“Whether exploring the personal stories revealed in our private journals, the stories of family legacy, the underlying stories that drive our organizations, or the stories that define our broadest definitions of identity, Christina Baldwin encourages us all to become storycatchers — people who value story and find ways in the midst of everyday life to practice storytelling. Baldwin shows us how new stories lay the framework for a new world.”
As a storyteller and storycatcher myself, who knows the connecting and healing power of storytelling, listening, release and transformation, finding Baldwin’s book was a big deal, a meaningful discovery, and a manual for compassionate listening. She likens storytelling to “Tending Our Fire,” the title of chapter three, on why we make stories. She writes, “They say a picture is worth a thousand words, but we can’t get the whole picture unless we have the whole story. And the magic in words is that the story can make the picture.”
The whole story…such an important and worthy challenge to pursue in our deeply fast-paced, fragmented and polarized world.
Baldwin is an advocate for mindful communicating, and listening, advanced self- and other-leadership skills we can learn, practice and master. I would assert that each of us, and our world, would be better for it. And to be discerning about the stories we are telling and hearing, especially now in the advent of split second media bites and the power of social media to paint a picture and assert a truth or a claim that is neither.
Perhaps what I love most about this book is its power to deepen connections and bring about healing and transformation, individually and collectively. In chapter two, entitled, The Ear in the Heart, she teaches us how to create story spaces, a storycatcher skill. She illustrates this through real stories and real practices that are at once uplifting and gut-wrenching…and all true. One such example goes as follows:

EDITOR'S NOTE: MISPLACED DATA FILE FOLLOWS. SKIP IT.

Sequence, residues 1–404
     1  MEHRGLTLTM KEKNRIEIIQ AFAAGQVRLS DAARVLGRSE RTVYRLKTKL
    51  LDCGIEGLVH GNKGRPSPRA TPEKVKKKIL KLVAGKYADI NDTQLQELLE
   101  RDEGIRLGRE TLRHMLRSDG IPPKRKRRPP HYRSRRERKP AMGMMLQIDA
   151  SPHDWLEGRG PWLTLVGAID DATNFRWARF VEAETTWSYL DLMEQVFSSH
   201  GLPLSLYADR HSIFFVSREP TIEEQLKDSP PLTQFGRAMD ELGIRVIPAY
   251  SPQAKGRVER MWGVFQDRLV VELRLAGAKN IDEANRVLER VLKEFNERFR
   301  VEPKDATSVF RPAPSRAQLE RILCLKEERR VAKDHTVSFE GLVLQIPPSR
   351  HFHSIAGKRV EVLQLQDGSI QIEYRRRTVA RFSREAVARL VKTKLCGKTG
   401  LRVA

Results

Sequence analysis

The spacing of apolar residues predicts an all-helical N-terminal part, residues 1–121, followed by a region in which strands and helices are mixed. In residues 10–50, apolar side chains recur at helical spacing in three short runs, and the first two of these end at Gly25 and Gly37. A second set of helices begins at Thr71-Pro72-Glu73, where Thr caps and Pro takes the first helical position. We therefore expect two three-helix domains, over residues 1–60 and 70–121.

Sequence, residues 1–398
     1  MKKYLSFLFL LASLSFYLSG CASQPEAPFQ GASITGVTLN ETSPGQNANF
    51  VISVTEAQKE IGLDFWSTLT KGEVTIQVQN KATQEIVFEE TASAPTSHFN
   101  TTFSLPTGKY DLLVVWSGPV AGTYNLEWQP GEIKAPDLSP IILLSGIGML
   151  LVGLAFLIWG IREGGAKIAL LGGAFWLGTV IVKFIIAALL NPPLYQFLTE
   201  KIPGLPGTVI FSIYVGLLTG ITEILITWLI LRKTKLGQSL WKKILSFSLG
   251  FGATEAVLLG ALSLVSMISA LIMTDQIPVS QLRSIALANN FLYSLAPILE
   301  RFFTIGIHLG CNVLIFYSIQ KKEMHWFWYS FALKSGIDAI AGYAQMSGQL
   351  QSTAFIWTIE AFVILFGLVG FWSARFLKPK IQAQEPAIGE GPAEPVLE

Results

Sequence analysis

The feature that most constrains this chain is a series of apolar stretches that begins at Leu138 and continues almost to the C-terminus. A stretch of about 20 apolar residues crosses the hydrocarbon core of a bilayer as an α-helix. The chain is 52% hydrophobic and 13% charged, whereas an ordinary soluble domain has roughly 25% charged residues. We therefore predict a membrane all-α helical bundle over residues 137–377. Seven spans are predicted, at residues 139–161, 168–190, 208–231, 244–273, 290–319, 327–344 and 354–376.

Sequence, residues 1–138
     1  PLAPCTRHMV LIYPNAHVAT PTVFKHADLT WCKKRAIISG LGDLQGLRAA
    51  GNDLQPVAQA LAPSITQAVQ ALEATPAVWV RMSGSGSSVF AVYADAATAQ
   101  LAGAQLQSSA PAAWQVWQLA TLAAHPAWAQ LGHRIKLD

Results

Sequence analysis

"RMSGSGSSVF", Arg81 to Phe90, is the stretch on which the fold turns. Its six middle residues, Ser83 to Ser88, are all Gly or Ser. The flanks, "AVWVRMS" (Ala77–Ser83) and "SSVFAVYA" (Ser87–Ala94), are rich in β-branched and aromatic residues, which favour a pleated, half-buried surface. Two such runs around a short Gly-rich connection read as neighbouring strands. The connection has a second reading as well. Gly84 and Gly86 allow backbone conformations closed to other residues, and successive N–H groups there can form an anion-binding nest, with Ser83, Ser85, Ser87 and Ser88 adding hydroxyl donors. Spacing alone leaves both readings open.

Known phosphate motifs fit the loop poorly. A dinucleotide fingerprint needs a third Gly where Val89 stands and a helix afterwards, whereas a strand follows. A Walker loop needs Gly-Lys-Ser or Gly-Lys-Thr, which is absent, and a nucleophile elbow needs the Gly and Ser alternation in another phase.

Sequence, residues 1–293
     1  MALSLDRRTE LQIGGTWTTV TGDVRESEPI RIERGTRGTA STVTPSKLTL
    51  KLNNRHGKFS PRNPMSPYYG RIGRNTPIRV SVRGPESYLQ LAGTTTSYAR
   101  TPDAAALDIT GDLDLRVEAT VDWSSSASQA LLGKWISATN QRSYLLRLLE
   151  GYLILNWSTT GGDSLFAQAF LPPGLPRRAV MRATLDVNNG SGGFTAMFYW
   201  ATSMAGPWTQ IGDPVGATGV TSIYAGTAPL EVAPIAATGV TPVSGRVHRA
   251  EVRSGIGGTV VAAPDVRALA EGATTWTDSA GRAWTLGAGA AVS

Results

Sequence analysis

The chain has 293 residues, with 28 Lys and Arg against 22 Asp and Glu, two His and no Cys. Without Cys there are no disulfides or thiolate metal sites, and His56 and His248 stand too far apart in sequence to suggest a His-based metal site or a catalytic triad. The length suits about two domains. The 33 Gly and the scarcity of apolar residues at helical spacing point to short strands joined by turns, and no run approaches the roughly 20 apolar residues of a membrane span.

“In the brutal disintegration of tribal wars, the guerilla armies of the hill people stole the young boy children of the valley people and forced them to fight against their own tribe. UNICEF heard of this atrocity and decided to buy back the children and reintroduce them to their villages. The UNICEF workers would drive into these remote villages with several boys who had been gone for two, three, four years; boys whose childhoods had been stolen, whose souls were wracked with guilt of what they had done. They went to the tribal elders and asked them, “We have brought them home to you, but they are not the same. What will you do?”
“We will light a fire in the center of the village every night for a year,” the elders replied. “The boys will be required to come and tell their stories and listen to the reactions of the villagers. We will weep together for what this war has done. We will talk until the war is talked out of them, until the sorrow is healed, until the fire is burned up.”
I know the power of this kind of storytelling and storycatching. I’ve been both the teller and the catcher and have endeavored, ever since reading this, to become a conscious and compassionate listening presence both in my life and in my work. It is possible. And it does matter.
Storycatching is a practice you might find meaningful in your life as well. May it help you to make meaning of the life you’ve lived, to create a purposeful life lived in the now, and to embrace new stories that lay the framework for a new world.
(Find this book in the Recommended Reading section of my website, under Guiding Principle #4: Make Meaning Regularly & Often)